Bob the Alien's Tour of the Solar System
Bob the Alien's Tour of the Solar System

How Hot is Mercury?

Mercury passing the surface of the Sun

In the picture above, taken from a satellite orbiting Earth, you can see little Mercury in front of the gigantic Sun. This small planet is so close to the Sun that it only takes it 88 days to orbit the star, compared with Earth's 365 days and Pluto's 248 years. Because of Mercury's closeness to the Sun, the planet is also very hot. But, surprisingly, it isn't the hottest planet in the Solar System, and temperatures on parts of the surface can be colder than the coldest temperatures possible on Earth and many of the Outer Planets.

All planets spin around an imaginary axis running through the middle of them. Earth takes about 24 hours to do so, Mars takes 24 hours and 37 minutes and Jupiter takes 9 hours and 50 minutes. Mercury however takes 59 days. This means that during its 88-day journey around the Sun, Mercury spins only once (maybe twice) on its axis. Earth makes 365 rotations a year, meaning that there is a sunset and a sunrise everyday. Because Mercury travels so fast around the Sun but spins so slowly on its axis, it takes 176 days for the Sun to have fully risen and fallen on the planet. Confused? Hopefully the picture below will help to explain this! It shows a year on Mercury. Imagine that on the first day, you are standing on the side of the planet which isn't receiving any light or heat from the Sun. Follow the orbit of the planet around the Sun.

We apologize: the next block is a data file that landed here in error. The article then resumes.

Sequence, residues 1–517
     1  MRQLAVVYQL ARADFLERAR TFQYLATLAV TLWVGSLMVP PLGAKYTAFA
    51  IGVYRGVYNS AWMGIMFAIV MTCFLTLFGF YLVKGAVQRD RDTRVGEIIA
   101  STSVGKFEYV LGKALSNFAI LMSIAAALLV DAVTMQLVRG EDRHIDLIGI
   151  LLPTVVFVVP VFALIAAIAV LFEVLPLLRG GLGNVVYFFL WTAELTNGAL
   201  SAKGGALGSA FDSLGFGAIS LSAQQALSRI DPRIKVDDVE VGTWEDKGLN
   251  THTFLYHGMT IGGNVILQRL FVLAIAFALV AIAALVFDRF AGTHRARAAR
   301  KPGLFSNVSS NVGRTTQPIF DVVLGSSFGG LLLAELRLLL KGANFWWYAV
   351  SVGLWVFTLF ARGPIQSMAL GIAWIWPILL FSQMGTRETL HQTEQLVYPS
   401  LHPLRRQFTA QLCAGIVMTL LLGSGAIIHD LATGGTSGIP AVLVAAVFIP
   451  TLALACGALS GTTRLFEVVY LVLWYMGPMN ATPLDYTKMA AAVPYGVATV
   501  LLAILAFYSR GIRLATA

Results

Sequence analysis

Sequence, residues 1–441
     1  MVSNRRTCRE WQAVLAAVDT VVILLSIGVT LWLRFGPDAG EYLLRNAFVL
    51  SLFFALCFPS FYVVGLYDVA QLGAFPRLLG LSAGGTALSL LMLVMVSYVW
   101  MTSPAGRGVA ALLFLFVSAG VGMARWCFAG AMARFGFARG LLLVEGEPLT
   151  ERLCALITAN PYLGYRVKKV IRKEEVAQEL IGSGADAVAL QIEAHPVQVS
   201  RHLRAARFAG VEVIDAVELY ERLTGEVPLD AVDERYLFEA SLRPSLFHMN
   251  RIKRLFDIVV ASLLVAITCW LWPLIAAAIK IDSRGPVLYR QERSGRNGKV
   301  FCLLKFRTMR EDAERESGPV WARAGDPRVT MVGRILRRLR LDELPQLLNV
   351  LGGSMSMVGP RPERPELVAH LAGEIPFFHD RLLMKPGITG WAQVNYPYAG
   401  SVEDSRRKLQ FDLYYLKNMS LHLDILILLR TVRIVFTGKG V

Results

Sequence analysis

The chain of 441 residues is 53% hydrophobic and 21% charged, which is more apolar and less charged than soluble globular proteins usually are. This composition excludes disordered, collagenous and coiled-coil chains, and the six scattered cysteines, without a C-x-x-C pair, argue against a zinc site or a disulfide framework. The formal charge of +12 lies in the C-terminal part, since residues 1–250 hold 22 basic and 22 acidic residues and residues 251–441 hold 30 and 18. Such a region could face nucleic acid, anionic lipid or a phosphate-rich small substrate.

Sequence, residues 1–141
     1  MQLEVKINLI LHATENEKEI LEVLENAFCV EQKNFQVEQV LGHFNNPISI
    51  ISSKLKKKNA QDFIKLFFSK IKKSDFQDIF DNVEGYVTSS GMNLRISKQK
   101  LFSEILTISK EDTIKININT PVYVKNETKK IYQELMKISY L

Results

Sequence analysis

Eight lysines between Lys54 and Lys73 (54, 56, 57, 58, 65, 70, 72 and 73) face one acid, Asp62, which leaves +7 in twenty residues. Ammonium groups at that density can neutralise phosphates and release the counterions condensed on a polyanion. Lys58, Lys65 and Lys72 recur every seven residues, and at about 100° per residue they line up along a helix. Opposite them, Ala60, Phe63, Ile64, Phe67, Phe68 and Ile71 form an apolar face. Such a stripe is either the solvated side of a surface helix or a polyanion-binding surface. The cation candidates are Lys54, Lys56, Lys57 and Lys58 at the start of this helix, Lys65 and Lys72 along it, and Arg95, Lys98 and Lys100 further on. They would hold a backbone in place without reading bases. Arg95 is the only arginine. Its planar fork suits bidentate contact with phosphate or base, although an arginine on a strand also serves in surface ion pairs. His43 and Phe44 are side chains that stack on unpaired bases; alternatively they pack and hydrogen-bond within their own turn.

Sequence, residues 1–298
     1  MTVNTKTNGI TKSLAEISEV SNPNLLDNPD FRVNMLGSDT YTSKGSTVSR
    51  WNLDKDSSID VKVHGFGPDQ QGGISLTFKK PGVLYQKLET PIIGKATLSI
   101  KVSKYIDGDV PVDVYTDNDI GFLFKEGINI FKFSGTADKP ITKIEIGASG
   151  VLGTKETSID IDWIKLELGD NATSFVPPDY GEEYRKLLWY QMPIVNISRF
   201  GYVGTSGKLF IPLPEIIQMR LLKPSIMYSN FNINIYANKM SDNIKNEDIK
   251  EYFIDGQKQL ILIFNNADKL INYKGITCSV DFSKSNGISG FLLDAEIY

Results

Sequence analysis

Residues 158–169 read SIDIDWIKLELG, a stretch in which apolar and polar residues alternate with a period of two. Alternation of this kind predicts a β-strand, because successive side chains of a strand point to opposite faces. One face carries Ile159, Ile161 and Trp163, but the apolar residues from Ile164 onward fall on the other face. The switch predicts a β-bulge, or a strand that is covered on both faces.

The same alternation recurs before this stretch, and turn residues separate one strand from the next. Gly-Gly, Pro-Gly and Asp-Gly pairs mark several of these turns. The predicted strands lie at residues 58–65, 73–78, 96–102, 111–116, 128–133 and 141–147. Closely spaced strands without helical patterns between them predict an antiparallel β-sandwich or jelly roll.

Mercury's orbit of the Sun

After 88 days, the planet is back to where it had began, and a year has been completed. But notice that you are now standing on another side of the planet, opposite to the side you were standing on 88 days earlier. You are now directly below the Sun, with temperatures of 427 °C (800 °F) hitting you! It won't be for another 29 days that the Sun will set, when you will be on a side of the planet that will not receive any heat or light for over 70 days! The temperature will drop below freezing, to about -183 °C (-297 °F). Temperatures do not reach any colder than this until you go as far away from the Sun as Uranus! So, Mercury may be the closest planet to the Sun, but it can also be one of the coldest. Even when you are on the side of Mercury that is receiving heat and light directly from the sun, temperatures on Venus are even hotter. This is because Venus is covered by a suffocating layer of thick cloud which traps heat from the Sun, causing temperatures there to reach over 480°c!

Mercury has no clouds, air or atmosphere to absorb or trap any heat. The sky on Mercury is also always dark, just like the Moon's sky because the lack of atmosphere means that light cannot be spread. Instead, sunlight hits the surface, lights it up and reflects off it.

Bob the Alien's Tour of the Solar System
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